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Child Custody: False Allegations of Abuse and Violence (Part 1)

By:  Stephen J. Plog

When starting the practice of law almost two decades ago, the issues of truth, perjury, and false claims were something I may have heard about in law school, or perhaps seen on TV or in a movie.   Scenes of the witness on the stand or the accident victim faking injury to score the big jury verdict were as close to falsehoods permeating the judicial system as I might have seen.   Fast forwarding to the present day, I have now had the ability to witness, firsthand, individuals blatantly lying to the court.  Lies regarding child abuse in a custody case are perhaps more devastating than in any other legal arena.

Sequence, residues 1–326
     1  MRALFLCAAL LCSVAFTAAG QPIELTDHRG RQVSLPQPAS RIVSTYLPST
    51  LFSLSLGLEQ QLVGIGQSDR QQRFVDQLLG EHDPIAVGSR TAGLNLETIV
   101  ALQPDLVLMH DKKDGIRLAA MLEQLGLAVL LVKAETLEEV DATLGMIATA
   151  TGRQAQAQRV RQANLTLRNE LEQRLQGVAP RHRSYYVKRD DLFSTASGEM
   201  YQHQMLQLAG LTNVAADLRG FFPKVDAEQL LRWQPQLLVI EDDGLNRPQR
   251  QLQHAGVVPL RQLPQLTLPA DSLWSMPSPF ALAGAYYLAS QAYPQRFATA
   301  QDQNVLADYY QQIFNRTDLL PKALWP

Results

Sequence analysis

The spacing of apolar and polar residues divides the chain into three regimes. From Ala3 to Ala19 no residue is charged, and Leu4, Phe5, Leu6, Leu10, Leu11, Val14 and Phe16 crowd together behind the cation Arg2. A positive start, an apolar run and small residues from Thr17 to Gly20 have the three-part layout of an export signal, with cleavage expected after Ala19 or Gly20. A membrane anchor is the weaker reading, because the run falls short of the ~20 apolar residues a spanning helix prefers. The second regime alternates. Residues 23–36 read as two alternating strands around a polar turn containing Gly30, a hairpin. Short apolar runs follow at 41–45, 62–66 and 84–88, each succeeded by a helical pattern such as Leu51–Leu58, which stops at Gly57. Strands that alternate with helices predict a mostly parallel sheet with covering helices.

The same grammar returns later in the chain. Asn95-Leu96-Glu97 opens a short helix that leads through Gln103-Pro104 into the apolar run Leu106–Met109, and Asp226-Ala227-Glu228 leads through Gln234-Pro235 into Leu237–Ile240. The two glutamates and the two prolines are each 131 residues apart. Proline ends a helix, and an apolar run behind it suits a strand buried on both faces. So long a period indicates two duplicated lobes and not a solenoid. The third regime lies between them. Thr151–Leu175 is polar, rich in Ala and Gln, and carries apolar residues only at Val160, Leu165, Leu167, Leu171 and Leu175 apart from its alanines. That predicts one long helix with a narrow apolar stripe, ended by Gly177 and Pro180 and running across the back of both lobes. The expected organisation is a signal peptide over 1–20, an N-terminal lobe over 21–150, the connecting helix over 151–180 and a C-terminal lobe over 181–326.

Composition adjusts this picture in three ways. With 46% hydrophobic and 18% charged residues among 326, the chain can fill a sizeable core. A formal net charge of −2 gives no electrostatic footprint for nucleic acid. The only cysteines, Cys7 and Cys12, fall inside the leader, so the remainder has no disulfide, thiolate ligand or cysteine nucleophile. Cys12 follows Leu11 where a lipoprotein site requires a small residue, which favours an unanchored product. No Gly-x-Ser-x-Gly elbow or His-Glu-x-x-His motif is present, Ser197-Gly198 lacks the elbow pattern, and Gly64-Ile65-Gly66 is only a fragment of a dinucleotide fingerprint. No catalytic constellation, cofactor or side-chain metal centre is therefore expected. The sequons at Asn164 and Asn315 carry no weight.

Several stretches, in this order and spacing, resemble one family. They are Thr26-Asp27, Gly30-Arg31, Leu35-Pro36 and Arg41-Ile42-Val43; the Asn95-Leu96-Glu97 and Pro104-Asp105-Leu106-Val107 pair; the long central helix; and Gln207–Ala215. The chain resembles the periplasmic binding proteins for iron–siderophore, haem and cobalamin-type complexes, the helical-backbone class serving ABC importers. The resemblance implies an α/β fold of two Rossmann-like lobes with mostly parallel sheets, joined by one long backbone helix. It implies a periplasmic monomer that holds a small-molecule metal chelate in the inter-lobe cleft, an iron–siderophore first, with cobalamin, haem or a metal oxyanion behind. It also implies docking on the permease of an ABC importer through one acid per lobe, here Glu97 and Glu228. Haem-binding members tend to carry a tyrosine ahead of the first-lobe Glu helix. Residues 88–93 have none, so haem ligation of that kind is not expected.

As relates to custody litigation, the lies almost always relate to either abuse of a child or domestic violence.   They are usually set forth in either an emergency motion to restrict parenting time (visitation) or in a complaint for a restraining order, whether directly in the custody case or as a separate county court protection order case.   Sometimes, they might be lies told to a child and family investigator or during a parental responsibilities evaluation.  Most Denver custody attorneys represent men and women on both sides of the equation.  As such, I have represented many people, over the years, who have been falsely accused of heinous, hurtful, or disgusting acts.  As their attorney, the challenging task is to expose the untrue allegations to the court.   This is sometimes easier said than done and requires insight and knowledge into what courts are looking for and how to expose the lies.   This insight comes with both experience and good analysis of the facts and evidence at hand.